The following week came and my physician confirmed that I was HIV positive. I was devastated and knew a “minister” I was involved with gave it to me. I wasn’t sexually active with anyone else, but the “minister.” This was 17 years ago, and at that time, I refused medical attention and was slowly dying. In 2013, I was diagnosed with full blown AIDS, dementia and severe depression.
To all affected with HIV/AIDS out there: Keep your head high and not low. We cannot stall or lose ground, especially in the South.
To live through these experiences was a miracle. The doctors told my daughters to prepare for my funeral. But I didn’t die. I am healthy, alive and happy. I am blessed! I had the courage to write a book and I am now have a ministry. Don’t Die Stay Alive Ministries (Where hurting hearts are healed through the arts) The mission is to get these plays in churches and Conferences. The title of one of my plays is “STIGMATIZED” I also started writing screenplays and placed third in the LA International Screenwriting contest. I have written a children’s book that speaks and teach about social issues. This will be a series of books. The first one is, Don’t Burst My Bubble (Meet the Kastle Hill Gang) The Kastle Hill Gang are six multicultural teens who teaches positive social issues. I write poetry and after my illness begin to write Gospel songs. My poetry is healing poetry that I wrote before I found out that I was HIV positive and a book, three movies that I wrote that was on Netflix and I was still sad. I thought I was going to die, but today I am stronger and I write more. I am a motivational speaker. I speak in churches and conferences. The most recent blessing was being included in the POZ 100 (www.pozmagazine.com/poz100). That is such an honor and has inspired me to believe great things are in store for me. I am praying to one day start my own publishing company. My viral load is zero from half a million and CD4 went from 20 to 320. I am a survivor! And I am incredibly thankful. I would like to show people that one can live a productive life with this illness. I am living proof.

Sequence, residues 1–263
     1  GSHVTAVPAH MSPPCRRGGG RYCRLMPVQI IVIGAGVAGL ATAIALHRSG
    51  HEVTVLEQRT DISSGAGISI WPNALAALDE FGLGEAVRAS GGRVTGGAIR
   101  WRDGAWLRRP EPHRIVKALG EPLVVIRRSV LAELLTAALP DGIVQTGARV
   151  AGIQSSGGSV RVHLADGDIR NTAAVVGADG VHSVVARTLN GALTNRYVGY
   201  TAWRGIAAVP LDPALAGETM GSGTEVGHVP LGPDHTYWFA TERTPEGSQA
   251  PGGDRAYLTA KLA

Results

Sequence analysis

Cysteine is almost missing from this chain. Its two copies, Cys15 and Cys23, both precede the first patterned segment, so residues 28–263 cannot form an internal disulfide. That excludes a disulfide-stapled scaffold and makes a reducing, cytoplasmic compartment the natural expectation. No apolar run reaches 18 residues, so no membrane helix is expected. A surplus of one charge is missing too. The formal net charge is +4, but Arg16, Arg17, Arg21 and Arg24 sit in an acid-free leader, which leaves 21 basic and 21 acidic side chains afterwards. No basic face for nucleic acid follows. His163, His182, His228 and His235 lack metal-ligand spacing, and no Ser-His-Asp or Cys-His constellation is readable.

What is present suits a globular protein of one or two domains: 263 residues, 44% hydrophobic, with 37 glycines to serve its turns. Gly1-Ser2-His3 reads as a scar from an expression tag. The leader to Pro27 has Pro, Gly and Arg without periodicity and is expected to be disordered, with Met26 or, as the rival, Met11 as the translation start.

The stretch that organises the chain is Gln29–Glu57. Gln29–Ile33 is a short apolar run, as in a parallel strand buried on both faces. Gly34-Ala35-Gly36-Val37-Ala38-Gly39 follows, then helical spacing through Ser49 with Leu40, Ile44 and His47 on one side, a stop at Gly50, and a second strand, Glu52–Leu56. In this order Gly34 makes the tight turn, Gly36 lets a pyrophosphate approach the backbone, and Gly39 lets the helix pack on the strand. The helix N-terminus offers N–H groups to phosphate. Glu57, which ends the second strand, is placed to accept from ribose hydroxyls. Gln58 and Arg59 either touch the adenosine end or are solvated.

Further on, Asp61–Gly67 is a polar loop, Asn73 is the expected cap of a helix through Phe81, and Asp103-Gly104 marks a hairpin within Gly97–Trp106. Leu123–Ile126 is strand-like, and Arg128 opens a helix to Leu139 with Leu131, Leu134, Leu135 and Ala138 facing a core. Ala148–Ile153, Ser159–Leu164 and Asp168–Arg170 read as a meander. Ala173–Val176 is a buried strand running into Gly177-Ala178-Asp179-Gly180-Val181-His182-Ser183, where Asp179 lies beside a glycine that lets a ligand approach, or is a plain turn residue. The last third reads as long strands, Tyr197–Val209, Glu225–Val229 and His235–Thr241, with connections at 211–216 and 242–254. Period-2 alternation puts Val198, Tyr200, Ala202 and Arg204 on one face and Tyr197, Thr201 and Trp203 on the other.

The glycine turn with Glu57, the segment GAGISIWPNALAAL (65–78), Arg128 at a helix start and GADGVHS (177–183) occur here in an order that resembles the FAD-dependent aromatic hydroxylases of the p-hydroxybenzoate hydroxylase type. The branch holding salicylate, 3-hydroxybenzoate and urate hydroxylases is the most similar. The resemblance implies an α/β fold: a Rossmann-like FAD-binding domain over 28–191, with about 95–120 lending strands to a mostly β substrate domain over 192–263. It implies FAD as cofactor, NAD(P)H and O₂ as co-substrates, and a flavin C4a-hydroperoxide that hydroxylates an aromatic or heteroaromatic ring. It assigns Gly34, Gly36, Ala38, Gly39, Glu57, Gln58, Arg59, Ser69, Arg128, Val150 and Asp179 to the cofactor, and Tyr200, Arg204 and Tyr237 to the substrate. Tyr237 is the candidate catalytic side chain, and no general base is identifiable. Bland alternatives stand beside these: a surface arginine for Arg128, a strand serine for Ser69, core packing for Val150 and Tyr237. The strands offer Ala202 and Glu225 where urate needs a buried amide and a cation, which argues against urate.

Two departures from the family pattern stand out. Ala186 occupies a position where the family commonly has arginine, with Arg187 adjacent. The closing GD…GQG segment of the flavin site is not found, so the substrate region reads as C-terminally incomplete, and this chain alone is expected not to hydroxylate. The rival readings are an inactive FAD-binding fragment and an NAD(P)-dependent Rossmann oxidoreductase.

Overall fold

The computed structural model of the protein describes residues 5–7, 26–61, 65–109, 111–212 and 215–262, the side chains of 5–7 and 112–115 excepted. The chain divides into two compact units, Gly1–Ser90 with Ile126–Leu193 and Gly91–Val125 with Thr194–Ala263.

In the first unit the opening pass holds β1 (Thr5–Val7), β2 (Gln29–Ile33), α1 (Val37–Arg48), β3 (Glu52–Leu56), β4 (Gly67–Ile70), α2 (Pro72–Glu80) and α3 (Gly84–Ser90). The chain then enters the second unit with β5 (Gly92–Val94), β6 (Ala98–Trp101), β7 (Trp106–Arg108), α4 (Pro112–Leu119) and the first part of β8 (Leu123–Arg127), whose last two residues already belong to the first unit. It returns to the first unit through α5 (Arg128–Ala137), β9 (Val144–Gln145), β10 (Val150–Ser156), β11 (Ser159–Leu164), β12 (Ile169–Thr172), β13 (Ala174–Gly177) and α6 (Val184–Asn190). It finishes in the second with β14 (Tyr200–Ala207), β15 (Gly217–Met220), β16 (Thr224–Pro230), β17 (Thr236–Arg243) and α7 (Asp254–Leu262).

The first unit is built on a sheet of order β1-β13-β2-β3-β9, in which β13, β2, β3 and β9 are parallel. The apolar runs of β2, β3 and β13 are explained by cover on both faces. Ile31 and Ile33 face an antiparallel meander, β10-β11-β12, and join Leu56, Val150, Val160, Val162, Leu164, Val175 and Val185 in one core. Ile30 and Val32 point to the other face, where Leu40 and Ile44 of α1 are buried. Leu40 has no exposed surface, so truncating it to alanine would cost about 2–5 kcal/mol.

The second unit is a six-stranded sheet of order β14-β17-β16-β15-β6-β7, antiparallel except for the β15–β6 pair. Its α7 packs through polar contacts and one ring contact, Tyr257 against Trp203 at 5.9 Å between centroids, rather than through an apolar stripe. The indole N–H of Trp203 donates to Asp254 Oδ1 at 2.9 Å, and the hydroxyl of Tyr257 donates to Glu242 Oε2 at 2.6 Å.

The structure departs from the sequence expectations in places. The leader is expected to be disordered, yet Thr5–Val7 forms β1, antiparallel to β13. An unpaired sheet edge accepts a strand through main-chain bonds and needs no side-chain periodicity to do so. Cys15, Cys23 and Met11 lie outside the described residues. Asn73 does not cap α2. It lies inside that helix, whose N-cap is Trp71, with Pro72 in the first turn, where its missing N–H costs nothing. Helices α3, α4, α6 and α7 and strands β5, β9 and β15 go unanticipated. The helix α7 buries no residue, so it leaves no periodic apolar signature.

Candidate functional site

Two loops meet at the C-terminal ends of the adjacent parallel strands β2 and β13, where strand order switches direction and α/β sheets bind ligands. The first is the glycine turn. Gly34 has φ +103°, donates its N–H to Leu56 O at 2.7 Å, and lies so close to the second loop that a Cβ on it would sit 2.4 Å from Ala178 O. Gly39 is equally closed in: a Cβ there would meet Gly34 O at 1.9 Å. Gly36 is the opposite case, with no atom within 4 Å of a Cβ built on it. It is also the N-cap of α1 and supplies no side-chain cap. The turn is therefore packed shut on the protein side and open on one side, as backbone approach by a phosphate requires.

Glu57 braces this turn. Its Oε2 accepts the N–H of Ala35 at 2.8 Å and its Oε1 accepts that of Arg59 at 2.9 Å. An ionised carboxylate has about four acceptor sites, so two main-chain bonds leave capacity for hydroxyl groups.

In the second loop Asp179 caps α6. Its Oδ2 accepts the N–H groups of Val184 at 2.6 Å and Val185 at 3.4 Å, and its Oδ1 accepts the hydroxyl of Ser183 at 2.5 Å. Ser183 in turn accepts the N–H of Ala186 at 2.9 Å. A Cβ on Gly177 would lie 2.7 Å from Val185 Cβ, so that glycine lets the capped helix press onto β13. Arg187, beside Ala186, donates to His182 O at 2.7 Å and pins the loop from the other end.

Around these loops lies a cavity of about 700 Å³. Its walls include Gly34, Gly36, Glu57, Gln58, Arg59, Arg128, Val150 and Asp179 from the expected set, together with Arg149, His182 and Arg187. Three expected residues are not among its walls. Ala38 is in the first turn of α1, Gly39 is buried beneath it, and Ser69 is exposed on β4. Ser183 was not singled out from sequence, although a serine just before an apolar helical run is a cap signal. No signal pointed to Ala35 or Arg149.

After severe depression and tons of therapy the depression faded. Also, my two oldest daughters took great care of me. My family was my support system through all of this. Since my diagnosis in 2010 I am now undetectable. I want women to understand that we fall sometimes, but we can get right back up. Living with HIV was not in my plans for myself, but from this experience, I want to inform women all over the world that we can live our lives as best as we can. Also, it is important to protect ourselves and our partners. People are afraid because of the lack of knowledge. So, to all affected with HIVAIDS out there: Keep your head high and not low. I came to a better place because of the support of my family and friends. I began to volunteer for a couple of HIV/AIDS organization. Plus, my writing was and is very therapeutic. The therapy that I received for the severe depression helped me mentally. These things helped me to come to a better place and a different way of thinking when it comes to this disease. One being that I thought I was going to die. Not true at all. Every day I take care myself and those around me. And I will wait and watch to see what comes next, but know that I will face it all with community and courage. It is all we can do in the third decade of this epidemic and we cannot stall or lose ground, especially in the South.